As A U.S. War Winds Down, Afghans Look For A Way Out : Parallels Applications are soaring for a special U.S. visa program for Afghans. But many applicants don't qualify and are trying to bluff, bribe or buy their way in.
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As A U.S. War Winds Down, Afghans Look For A Way Out

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As A U.S. War Winds Down, Afghans Look For A Way Out

As A U.S. War Winds Down, Afghans Look For A Way Out

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ROBERT SIEGEL, HOST:

The 9/11 attacks of course, prompted the U.S. to strike Afghanistan and topple the Taliban regime that had given refuge to al-Qaida. Now as the U.S. withdraws its troops, the clock is ticking for Afghans who have worked with the U.S. and with other foreign governments. Special visa programs for Afghan employees are winding down. In order to qualify for these visas, applicants must demonstrate that they are in the Taliban's crosshairs. Most applicants truly are in danger. But many are desperately seeking a way out of the troubled country and are trying to game the system. NPR's Sean Carberry reports.

SEAN CARBERRY, BYLINE: Ali is from Ghazni Province, one of the more violent places in Afghanistan. He's worked as a cook with various U.S. contractors since 2003. It's a career choice that's been good for his bank account but bad for his safety.

ALI: If I'm telling that I'm working for Americans, they're going to kill me.

CARBERRY: The they are the Taliban, who have long said they will kill any Afghans who work for foreign militaries or governments. To protect his family, Ali kept people in the dark about his work. He was successful until about a year ago. Since then, his brother has been beaten and his family threatened.

ALI: I'm trying to leave me and my family to any country who can give opportunity for us to be safe.

CARBERRY: So we asked his American supervisor, Hoppy Mazier, for a recommendation letter to apply for a special immigrant visa to the U.S. The program started in 2009, primarily for military interpreters, but it also applies to Afghan employees of any U.S. government agency or contractor.

HOPPY MAZIER: Some of our staff have almost been killed because of where they work and what they do.

CARBERRY: Mazier, who since left his job at a U.S. funding contractor, opens a folder on his computer. In it are some 70 recommendation letters he's written for former staff seeking U.S. visas. He says many employees like Ali face legitimate threats. But some provided him puffed-up threat statements to try to qualify for the special visa.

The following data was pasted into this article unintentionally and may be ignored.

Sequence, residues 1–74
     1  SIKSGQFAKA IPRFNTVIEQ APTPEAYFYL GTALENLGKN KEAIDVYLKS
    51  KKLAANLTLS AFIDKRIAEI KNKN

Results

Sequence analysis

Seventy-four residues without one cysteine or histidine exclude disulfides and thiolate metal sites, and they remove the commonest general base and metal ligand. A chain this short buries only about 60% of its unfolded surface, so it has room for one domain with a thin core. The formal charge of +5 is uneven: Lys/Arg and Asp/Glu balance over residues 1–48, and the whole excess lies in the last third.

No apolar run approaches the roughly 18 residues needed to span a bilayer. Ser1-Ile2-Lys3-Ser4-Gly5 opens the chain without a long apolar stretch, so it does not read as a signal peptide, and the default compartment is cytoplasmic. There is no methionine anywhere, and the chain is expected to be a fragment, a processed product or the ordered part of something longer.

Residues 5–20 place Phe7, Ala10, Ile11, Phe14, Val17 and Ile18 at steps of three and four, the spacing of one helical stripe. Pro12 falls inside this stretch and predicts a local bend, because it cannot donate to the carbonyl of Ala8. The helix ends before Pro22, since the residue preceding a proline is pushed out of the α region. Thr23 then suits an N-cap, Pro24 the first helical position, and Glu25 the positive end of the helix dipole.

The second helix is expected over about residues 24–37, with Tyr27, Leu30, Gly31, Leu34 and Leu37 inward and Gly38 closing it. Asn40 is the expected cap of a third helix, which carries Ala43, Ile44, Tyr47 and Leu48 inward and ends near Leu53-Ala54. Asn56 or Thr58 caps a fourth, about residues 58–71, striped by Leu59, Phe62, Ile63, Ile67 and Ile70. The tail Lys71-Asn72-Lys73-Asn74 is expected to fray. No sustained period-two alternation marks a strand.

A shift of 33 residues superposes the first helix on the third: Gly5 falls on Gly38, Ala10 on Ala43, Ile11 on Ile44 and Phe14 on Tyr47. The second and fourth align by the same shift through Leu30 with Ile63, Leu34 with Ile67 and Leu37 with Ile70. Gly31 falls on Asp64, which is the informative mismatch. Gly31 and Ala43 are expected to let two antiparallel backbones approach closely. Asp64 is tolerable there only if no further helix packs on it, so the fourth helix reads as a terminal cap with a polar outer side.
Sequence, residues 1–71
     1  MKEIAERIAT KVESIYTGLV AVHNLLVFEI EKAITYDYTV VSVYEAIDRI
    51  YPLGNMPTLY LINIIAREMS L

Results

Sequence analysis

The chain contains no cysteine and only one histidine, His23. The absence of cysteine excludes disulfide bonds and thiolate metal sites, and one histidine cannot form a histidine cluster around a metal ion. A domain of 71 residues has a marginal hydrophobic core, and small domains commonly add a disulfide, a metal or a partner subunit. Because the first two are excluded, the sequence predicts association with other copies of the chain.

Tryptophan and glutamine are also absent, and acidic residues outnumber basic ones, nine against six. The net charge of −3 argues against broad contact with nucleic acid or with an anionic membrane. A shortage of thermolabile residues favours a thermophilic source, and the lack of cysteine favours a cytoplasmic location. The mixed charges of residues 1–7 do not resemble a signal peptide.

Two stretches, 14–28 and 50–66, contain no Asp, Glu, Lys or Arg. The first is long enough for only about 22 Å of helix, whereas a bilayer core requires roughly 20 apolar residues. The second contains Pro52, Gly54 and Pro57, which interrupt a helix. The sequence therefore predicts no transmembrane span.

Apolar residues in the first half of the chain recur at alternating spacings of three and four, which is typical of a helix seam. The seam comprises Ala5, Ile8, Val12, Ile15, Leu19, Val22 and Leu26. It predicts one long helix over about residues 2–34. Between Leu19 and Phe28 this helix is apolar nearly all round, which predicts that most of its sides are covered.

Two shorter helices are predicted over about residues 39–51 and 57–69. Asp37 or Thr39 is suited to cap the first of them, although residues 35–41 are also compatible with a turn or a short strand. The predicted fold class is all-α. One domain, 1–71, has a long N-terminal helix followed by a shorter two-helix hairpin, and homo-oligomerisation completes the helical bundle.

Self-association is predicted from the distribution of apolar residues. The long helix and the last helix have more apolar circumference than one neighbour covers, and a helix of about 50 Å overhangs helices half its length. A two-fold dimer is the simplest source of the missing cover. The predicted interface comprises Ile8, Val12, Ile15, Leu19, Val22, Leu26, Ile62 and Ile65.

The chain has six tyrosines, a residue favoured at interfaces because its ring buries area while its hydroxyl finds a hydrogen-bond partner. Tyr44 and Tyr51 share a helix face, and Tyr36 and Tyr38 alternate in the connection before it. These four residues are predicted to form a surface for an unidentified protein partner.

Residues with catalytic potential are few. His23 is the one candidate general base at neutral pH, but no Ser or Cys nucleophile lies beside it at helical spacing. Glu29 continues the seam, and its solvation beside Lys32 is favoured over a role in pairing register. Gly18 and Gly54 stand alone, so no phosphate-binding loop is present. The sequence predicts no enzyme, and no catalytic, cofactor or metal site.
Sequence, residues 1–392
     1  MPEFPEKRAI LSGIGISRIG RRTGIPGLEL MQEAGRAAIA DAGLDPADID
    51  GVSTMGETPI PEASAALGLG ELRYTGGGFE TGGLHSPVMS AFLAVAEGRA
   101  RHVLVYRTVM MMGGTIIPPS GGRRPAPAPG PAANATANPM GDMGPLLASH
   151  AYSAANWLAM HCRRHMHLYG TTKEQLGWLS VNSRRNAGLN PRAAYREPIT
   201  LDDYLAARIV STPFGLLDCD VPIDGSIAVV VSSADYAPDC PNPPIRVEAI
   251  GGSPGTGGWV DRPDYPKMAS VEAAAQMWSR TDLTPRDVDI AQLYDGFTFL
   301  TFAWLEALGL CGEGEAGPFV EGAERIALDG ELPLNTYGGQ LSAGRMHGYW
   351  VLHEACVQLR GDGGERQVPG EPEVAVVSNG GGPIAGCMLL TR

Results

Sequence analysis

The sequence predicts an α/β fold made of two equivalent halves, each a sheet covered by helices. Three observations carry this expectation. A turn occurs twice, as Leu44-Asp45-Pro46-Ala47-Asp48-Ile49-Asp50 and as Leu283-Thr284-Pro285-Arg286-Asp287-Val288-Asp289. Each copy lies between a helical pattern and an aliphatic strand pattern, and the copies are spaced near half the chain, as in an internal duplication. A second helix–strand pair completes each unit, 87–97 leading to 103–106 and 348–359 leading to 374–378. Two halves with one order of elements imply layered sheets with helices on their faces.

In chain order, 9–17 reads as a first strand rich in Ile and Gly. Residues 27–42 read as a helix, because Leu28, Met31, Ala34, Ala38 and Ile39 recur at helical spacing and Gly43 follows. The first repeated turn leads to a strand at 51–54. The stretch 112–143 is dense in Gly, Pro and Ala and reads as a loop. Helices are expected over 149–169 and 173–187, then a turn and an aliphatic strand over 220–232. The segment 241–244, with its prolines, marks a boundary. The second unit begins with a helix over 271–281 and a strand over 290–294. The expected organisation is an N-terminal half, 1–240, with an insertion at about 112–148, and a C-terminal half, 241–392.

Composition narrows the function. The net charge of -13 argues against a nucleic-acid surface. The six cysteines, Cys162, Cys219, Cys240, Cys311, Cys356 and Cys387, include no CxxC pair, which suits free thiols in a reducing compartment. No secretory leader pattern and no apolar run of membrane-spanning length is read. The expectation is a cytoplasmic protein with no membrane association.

MAZIER: And once people hear that they have an option to leave Afghanistan, everyone's jumping on board.

CARBERRY: He says he's even been approached for letters by Afghans who never worked for him. In one case, he says officials in the Ministry of Finance asked him for letters. In exchange, they said they would go easy in their audit of his organization. Douglas Frantz is assistant Secretary of State for Public Affairs. He says as the December 31 deadline nears, demand for special immigrant visas is soaring. He admits some applicants exaggerate the danger they face.

DOUGLAS FRANTZ: It's a judgment call on whether this person presents evidence of a credible threat.

CARBERRY: He says the State Department errs on the side of leniency. But that hasn't meant an easy ride for applicants; quite the contrary. From the beginning, the special immigrant visa program was fraught with problems - long processing delays and seemingly arbitrary rejections. Some applicants were killed while waiting years for their visas. Frantz says that prompted recent reforms to the program.

FRANTZ: And what happened as a result of that was we cut the waiting time in half, down to a little less than eight months.

CARBERRY: Today more than 11,000 Afghans have been resettled in the U.S. Congress authorized additional visas this year, but not nearly enough for the thousands of potential applicants. And the U.S. isn't the only country confronting a surge of visa applicants. Australian Elijah Berry has worked in the security business in Afghanistan for years. He's come to know many Afghans in that time. And a good number have approached him for help getting a visa to Australia.

ELIJAH BERRY: They're pretty straightforward. They say, look, they need to know an Australian for visa purposes, et cetera. Some of them have offered generally around $10,000.

CARBERRY: Like Mazier experienced, those people didn't even work for Berry. And some of those who did are now presenting him threat letters allegedly from the Taliban, which he says aren't real but are from opportunists with counterfeit Taliban stamps.

BERRY: And they usually pay $200 to $400 U.S. dollars to be threatened.

CARBERRY: Compared to $25,000 to buy a fake visa to European country, it's a small amount to gamble on a chance to flee.

Sean Carberry, NPR News, Kabul.

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